Addressing developments in Indonesia since the fall of President Suharto’s regime in 1998, Kusno delves into such topics as the domestication of traumatic violence and the restoration of order in the urban space, the intense interest in urban history in contemporary Indonesia, and the implications of “superblocks,” large urban complexes consisting of residences, offices, shops, and entertainment venues. Moving farther back in time, he examines how Indonesian architects reinvented colonial architectural styles to challenge the political culture of the state, how colonial structures such as railway and commercial buildings created a new, politically charged cognitive map of cities in Java in the early twentieth century, and how the Dutch, in attempting to quell dissent, imposed a distinctive urban visual order in the 1930s. Finally, the present and the past meet in his long-term considerations of how Java has responded to the global flow of Islamic architecture, and how the meanings of Indonesian gatehouses have changed and persisted over time. The Appearances of Memory is a pioneering look at the roles of architecture and urban development in Indonesia’s ongoing efforts to move forward.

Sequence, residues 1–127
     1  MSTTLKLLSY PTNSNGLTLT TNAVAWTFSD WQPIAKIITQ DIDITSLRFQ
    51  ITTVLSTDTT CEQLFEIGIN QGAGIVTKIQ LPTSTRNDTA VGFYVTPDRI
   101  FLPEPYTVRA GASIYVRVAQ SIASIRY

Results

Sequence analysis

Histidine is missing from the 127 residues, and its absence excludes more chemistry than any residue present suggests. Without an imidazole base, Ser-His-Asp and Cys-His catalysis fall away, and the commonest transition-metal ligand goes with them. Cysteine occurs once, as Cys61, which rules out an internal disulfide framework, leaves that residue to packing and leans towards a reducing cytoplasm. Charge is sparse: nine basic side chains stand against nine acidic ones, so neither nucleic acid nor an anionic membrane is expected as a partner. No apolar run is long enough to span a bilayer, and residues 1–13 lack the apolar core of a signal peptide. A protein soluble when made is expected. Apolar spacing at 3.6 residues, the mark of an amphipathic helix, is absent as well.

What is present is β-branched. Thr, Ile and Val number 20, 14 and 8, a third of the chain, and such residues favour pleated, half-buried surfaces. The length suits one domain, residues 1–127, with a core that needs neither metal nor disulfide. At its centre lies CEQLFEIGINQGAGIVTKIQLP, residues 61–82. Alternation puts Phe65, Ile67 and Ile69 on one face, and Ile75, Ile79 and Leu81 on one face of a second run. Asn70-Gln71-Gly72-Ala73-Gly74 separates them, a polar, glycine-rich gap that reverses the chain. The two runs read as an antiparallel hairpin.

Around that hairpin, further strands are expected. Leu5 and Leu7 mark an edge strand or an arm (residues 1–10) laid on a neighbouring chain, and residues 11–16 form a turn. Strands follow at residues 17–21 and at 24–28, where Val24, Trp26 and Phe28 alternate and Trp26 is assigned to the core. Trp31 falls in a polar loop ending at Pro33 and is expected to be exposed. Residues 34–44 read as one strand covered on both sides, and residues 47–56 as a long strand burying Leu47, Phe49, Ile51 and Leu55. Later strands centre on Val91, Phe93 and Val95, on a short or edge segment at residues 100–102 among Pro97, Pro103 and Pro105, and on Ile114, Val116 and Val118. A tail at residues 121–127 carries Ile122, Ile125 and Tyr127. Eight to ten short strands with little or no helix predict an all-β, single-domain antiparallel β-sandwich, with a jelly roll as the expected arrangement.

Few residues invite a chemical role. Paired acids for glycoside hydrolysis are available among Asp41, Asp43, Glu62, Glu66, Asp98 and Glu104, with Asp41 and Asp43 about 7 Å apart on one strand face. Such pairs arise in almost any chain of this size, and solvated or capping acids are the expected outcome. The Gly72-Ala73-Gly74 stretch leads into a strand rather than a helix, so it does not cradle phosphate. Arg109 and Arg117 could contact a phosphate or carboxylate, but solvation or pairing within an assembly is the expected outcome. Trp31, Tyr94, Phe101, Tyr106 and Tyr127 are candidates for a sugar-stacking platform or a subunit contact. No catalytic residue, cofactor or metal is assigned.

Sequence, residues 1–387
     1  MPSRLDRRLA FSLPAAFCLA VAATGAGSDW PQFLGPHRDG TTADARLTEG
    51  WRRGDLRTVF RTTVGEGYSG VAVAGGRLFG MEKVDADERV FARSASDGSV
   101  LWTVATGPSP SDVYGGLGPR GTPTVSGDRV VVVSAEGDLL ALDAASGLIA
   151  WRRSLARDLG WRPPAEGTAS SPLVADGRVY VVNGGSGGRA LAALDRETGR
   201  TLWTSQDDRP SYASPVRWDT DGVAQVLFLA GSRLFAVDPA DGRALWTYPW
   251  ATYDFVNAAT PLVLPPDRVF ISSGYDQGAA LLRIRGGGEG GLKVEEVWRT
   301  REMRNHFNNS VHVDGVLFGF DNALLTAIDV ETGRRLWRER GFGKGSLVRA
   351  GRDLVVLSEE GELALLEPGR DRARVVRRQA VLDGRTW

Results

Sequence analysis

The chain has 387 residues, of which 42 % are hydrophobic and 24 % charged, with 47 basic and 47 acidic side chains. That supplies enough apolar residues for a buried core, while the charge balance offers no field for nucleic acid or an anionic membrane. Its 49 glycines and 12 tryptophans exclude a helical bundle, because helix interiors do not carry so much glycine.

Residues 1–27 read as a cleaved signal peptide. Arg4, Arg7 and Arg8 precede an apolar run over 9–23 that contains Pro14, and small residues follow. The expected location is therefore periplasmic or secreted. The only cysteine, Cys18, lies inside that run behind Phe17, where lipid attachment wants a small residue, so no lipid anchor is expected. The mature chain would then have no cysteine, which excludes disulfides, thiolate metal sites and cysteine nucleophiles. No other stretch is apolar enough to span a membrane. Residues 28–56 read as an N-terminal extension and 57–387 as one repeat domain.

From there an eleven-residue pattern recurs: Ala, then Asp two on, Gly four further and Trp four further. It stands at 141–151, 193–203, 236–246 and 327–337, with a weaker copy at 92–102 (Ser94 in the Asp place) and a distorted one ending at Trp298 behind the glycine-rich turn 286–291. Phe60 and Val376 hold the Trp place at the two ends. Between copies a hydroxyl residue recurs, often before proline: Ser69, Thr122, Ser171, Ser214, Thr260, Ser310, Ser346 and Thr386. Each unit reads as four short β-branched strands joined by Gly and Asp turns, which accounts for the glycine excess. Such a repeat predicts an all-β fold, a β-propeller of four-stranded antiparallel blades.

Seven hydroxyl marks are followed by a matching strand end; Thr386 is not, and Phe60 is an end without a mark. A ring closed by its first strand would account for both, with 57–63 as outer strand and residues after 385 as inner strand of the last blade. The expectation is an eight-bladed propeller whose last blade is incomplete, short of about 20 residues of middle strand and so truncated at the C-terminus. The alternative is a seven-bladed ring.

Abidin Kusno is Associate Professor at the Institute of Asian Research and Faculty Associate of the Department of Art History, Visual Art, and Theory at the University of British Columbia, where he holds a Canada Research Chair in Asian Urbanism and Culture. He is the author of Behind the Postcolonial: Architecture, Urban Space, and Political Cultures in Indonesia.